MyWebGrocer forwards order information to the retailer’s in-store web-connected computer. Pickers plug their handhelds into the computer to download the order. Because the handheld software includes mapping information on a store’s aisle layout, pickers receive instructions on how to most efficiently find the products to fill each order.

Pickers scan products as they pick them off shelves; the device alerts them if a product doesn’t match what’s on the order. Once an order is picked, the staffer loads the handheld data back in the MyWebGrocer-connected computer to print out a report that shows the customer information and if any ordered products could not be fulfilled. Once the order is packed and ready to be shipped, the packer scans the bar code on the order report, a step that automatically prints out a FedEx shipping label. When FedEx picks up the order, the carrier sends a message to MyWebGrocer confirming the shipment, a step that automatically forwards a bill to the customer’s credit card company and an e-mail order confirmation to the customer.

Once a retailer becomes accustomed to operating the in-store fulfillment system, the system’s automation is designed for ease of operation, Spindler says. “The setup is the key element here,” he says. “Once a store is set up, the system takes over.”

Still, there are other tasks a retailer must undertake to get maximum use of its online operation, particularly promoting the web as an alternative way to shop in weekly marketing materials and training store employees to inform customers of their shopping options. Endless Aisle subscribers also need to compile all their store’s product data, then send it, usually in an FTP file, to MyWebGrocer so it can check for duplicate products in the store and the Endless Aisle selection. Synchronizing product databases can take a few weeks in back-and-forth communications.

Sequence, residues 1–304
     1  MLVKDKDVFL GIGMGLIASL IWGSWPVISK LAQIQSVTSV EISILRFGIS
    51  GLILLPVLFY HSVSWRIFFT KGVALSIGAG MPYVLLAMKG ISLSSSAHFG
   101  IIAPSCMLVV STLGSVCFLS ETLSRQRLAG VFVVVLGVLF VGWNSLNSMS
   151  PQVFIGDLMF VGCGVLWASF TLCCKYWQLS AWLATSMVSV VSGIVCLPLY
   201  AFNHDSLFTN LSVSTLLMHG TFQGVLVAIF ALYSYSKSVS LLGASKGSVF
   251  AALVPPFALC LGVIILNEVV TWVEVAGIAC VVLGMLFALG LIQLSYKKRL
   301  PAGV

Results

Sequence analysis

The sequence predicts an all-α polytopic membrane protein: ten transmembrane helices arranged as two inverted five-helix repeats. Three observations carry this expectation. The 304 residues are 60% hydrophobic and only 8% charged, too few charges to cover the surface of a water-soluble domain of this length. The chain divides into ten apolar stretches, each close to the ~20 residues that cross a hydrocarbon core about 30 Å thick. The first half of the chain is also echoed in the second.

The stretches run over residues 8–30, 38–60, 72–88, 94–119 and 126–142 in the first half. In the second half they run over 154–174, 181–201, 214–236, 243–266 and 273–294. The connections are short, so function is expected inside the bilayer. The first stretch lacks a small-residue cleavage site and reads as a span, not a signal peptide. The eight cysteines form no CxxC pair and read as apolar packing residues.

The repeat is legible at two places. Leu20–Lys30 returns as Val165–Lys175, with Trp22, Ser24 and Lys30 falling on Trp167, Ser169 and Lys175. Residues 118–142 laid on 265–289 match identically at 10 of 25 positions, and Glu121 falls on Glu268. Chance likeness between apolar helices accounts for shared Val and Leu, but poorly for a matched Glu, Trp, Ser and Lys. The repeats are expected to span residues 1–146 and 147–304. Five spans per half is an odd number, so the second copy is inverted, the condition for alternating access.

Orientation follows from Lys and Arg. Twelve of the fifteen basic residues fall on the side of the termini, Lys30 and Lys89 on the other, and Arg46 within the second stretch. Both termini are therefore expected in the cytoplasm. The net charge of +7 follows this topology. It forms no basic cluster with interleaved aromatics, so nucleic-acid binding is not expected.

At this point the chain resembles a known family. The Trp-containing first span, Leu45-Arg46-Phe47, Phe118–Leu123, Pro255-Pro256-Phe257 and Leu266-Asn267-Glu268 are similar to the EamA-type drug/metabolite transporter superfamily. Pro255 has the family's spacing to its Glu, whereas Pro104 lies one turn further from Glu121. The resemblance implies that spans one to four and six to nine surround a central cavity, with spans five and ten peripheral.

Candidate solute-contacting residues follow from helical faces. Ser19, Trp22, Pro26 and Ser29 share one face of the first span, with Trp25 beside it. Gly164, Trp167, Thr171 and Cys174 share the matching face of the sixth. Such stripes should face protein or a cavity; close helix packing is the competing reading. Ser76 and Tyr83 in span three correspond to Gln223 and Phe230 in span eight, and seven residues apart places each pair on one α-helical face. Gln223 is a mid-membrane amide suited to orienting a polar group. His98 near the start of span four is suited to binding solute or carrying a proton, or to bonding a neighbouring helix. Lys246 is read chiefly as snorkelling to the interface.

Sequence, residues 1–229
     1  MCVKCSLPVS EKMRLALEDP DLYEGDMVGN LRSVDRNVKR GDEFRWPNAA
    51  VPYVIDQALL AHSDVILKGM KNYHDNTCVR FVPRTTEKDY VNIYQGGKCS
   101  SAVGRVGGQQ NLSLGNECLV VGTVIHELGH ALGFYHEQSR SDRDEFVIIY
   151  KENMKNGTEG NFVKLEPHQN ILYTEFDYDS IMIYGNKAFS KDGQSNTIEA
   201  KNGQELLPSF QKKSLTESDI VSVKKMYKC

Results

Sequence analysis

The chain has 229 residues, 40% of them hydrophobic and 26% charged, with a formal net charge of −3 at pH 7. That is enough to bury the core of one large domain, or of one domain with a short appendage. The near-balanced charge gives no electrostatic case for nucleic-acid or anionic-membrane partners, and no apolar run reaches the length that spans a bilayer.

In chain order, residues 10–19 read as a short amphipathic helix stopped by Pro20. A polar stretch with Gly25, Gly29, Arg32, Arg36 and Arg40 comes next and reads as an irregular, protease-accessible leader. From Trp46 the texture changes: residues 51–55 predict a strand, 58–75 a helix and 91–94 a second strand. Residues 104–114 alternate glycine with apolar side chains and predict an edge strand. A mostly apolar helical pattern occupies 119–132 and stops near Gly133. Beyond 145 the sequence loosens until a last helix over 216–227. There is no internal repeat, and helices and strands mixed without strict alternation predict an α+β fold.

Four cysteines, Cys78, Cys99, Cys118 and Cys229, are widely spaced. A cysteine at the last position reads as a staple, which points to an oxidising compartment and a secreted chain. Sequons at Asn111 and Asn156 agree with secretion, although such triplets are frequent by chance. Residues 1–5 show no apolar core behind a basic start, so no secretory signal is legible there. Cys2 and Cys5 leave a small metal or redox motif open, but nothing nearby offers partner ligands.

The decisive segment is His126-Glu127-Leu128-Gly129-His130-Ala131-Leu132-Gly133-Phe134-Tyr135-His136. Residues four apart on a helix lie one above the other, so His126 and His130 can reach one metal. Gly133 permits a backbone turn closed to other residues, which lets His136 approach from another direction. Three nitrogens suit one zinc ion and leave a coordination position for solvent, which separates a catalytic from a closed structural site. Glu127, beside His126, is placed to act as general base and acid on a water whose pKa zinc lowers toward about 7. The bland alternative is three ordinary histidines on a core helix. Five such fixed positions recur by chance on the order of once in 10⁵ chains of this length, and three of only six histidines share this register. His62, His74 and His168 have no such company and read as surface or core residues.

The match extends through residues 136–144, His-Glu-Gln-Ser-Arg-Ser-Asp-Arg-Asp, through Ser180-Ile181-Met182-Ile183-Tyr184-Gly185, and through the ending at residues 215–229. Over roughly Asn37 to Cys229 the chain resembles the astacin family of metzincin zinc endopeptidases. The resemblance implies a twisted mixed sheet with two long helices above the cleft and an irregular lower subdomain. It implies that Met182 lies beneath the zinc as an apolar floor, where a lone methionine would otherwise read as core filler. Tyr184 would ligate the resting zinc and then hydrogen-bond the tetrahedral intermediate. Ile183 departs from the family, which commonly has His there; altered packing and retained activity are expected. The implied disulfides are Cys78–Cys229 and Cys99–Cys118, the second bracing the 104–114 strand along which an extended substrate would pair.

Proving scalability

MyWebGrocer must still prove, however, that its Endless Aisle and NetGrocer services are scalable to meet growth, analysts say. While NeXpansion took the more costly route of operating a dedicated warehouse, that approach may have given it more control over fulfillment had online grocery sales taken off as many had expected in the mid-1990s, analysts say.

But Spindler and his retail fulfillment partners say they’ll be able to quickly ramp up if necessary. “Should the volume of NetGrocer ever exceed our Oakland ShopRite, there are more than 200 other ShopRites to choose from,” Clare says. Although that assumes cooperation from other independently owned and operated stores, such cooperation is likely, says Hugh Sam of Morningstar. “They’d work it out, because there’s a cost benefit to all retailers doing this, and there’s always room to cooperate if it makes sense for everyone,” he says.

Spindler adds that a retailer doesn’t have to attract large numbers of online buyers to reap rewards. With an online shopping service like ShopRite From Home, he says, a retailer with 12,000 to 20,000 weekly in-store transactions can earn a profit from online orders with as few as 25 web orders per week. “Online customers tend to be big spenders, spending on average $120 per order, and they don’t cherry pick deal items,” he says.